“Only Lovers Left Alive” is a story about vampires in love, but unlike “Twilight”, it is a damn good film. “Lovers” tells the story of Adam and Eve, played by Tom Hiddleston and Tilda Swinton. This is not a romance about opposites attracting, rather a narrative about two people, who happen to be vampires, that find each other’s differences beautiful.
Jim Jarsmuch creates a rich, slightly dirty world with “Lovers.” The director known for indie hits like “Broken Flowers” with Bill Murray and “Dead Man” starring Johnny Depp, has reached a whole new level both stylistically and in his all around command of the film. Not to mention the note-perfect soundtrack.
Hiddleston’s Adam is morose and melancholic, wanting nothing to do with the outside world or the “zombies” who live in it. He is a reclusive musician and it is heavily implied that he was famous in the ‘60s, but very much regrets that. Adams lives in an abandoned house in the ruins of Detroit, idling his time away with his music and gadgets.
Meanwhile, Eve is living in Tangier, Morrocco. There she spends her evenings people watching or chatting with her old friend and Adam’s mentor, Christopher Marlowe, who is also a vampire, played by John Hurt. Eve would like nothing more than to see the world find out that Marlowe had ghostwritten all of Shakespear’s work, but he is content with the way things are. Marlowe’s reveal also includes a hilarious gallery of the who’s who of the vampire world. Soon enough though, Eve decides to travel to Detroit and see Adam.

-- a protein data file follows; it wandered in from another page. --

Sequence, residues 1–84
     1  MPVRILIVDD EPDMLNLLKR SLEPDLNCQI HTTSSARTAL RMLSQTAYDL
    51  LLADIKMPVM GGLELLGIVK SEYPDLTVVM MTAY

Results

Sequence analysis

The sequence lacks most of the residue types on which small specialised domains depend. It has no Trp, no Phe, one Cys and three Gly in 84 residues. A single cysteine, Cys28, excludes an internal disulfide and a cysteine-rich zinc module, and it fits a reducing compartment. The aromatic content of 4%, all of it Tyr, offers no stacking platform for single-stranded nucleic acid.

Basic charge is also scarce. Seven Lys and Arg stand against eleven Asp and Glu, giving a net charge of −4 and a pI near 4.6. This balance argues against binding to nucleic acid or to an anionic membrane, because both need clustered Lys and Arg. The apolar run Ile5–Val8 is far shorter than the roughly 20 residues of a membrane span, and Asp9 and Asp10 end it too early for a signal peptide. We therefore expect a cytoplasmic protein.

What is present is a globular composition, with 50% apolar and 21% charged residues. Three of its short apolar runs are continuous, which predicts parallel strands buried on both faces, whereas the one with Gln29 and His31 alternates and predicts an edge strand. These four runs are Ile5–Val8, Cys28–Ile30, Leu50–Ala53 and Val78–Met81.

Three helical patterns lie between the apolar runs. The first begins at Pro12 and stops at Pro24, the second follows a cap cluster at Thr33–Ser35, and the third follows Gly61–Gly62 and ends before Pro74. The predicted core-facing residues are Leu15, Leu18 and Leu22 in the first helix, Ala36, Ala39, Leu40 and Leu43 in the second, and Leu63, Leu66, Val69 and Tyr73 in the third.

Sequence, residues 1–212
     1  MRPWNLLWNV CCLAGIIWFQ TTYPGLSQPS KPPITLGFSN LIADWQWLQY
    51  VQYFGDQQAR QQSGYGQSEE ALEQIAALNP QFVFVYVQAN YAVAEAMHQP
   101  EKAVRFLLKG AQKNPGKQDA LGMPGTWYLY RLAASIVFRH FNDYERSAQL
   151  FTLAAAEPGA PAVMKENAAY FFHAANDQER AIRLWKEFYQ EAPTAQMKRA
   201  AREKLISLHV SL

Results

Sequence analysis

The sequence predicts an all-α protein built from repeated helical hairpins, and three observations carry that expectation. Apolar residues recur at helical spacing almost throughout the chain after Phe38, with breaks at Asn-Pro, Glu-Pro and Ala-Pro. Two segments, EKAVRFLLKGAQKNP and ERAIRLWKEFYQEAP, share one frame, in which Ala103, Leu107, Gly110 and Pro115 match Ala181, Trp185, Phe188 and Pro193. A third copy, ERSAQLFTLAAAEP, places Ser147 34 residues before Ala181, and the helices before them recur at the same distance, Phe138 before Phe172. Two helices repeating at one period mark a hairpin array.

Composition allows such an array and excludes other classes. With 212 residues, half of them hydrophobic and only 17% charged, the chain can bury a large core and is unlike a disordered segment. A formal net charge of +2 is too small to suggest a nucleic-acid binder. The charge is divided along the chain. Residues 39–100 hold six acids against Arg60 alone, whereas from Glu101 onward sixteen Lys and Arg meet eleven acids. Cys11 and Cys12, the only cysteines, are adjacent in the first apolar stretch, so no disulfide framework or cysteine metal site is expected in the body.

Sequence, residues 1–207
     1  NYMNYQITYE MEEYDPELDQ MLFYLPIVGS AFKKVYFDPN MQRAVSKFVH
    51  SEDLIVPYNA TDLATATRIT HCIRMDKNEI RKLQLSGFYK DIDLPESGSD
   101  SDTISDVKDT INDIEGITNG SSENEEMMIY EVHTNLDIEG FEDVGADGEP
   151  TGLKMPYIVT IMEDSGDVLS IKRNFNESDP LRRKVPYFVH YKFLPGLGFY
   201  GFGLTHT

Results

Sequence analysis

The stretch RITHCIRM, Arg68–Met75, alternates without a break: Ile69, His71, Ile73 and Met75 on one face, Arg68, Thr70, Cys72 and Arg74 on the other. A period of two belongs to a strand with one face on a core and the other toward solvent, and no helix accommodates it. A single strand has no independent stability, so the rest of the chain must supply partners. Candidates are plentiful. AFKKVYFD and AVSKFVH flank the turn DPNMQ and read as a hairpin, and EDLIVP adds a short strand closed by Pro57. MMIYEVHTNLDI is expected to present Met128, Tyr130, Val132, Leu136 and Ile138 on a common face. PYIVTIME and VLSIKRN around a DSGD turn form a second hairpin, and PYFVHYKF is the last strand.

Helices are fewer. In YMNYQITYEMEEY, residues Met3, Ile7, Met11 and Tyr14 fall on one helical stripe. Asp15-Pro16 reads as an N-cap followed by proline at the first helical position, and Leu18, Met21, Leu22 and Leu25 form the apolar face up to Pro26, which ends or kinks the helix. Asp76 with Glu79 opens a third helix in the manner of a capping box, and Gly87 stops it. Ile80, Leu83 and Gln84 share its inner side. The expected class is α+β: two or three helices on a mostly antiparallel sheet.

When they are together, Adam is almost a different person. He leaves the house and shows Eve the beauty to be found hiding in all of the abandoned buildings. While still melancholic, he is much happier. That is until they find out that they’ve all been having dreams about Eve’s sister Ava, who Eve believes is looking for them.
Each vampire seems to have a unique gift. Adam with his music and gadgets, Marlowe the brilliant author, and Eve who can tell the history of any object she touches along with a keen sense of intuition. Ava however, brings death and destruction to everything she comes into contact with. Ava, played by Mia Wasikowska, is a never ending train wreck.
The central conflict of the film lies with Ava. Adam can not stand being near her after all the problems she’s caused over the centuries, while Eve seems to know that she really can’t help it and feels sorry for her. Her presence threatens to unravel everything from Adam’s hard-won anonymity to the joy Eve has brought back into his life.
The performances are masterful, the cinematography is amazing and all the minor roles are perfectly cast. The film shows us that Detroit is just as gorgeous as Tangier, in its own way. What I can’t figure out is, why the movie would be released in April instead of being pushed as an award season contender. After all, the film was nominated for the Palm d’Or, the highest award given, at last year’s Cannes Film Festival.
“Only Lovers Left Alive” is a truly haunting and beautiful movie. Hiddleston and Swinton’s performances exceed every expectation, even though they both set the bar so high. For my money’s worth, it is also the best movie of the year so far. I give the film five Buffalo Chips. “Only Lovers Left Alive” opens in limited release April 11, it will also be on video-on-demand for certain cable/satellite providers.